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In my own life and ministry, I need to continually weigh my attitudes in the places where I serve by asking myself if I am taking a posture of status or a posture of servanthood.  Am I doing this to satisfy a need in my own self, or to truly love and journey with others as they discover their identity in Christ and in following Him?

As soon as I find myself feeling superior, wiser, holier, I have moved from a position of serving to a position of status.  Jesus was pretty blunt with the religious leaders of his day about this!

This is a hard one as sometimes it is difficult to self-determine when I’m “lording” and when I’m serving. It drives me back to question #3: Am I Accountable and demands that I, too am in a place of concurrently being a disciple and making disciples.

6: Am I a Sent-One who Goes?

Being a disciple also means I am willing to submit to His sending of me beyond my safe parameters and comfort zone, and being courageous to share stories of where God’s story intersects my story.

My secret of learning to be bolder? I, like most of us, am terrified, even when I can sense the Spirit strongly prompting me, to introduce Jesus into a conversation even when the door is so wide open it has fallen off its hinges! So to tackle that fear I took the challenge to just ask people if I may pray with them when they have shared something sad, or difficult, or something they struggle with. You might be amazed how quickly one can find out if the grocery cashier is having a good day or a bad day and why! It stuns me still.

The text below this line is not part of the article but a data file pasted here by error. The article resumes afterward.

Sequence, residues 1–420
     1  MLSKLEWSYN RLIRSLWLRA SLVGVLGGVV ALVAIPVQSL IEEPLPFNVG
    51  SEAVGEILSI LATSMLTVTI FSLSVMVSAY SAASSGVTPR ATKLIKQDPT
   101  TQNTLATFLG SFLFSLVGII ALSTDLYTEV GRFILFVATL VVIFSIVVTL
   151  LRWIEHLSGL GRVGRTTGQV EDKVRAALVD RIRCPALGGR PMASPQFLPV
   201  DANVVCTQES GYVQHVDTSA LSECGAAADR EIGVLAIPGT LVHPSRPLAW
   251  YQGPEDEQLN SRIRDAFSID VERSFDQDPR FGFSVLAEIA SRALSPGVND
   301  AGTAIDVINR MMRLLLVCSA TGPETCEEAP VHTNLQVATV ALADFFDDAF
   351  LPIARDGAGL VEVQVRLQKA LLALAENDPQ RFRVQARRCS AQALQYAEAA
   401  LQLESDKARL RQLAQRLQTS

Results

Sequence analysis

And so I’ve tried to muster up courage and ask if I can quickly pray with them. I like the terminology of praying with rather than for as it invites them into the prayer. Most of the time they say yes! It is a very terrifying thing to do, and yet there is nothing more joyous than that 30-second prayer while picking up the grocery bags.

Being a disciple is always being attentive to that awareness that God is already at work all around me and I just need to join him.

Being a disciple means following close. Being a sort-of-follower, or most-of-the-time follower, will leave us confused as to where it is we are going because we will have lost sight of Him and walked our own path.  Jesus is our foremost priority. Everything else fits into that.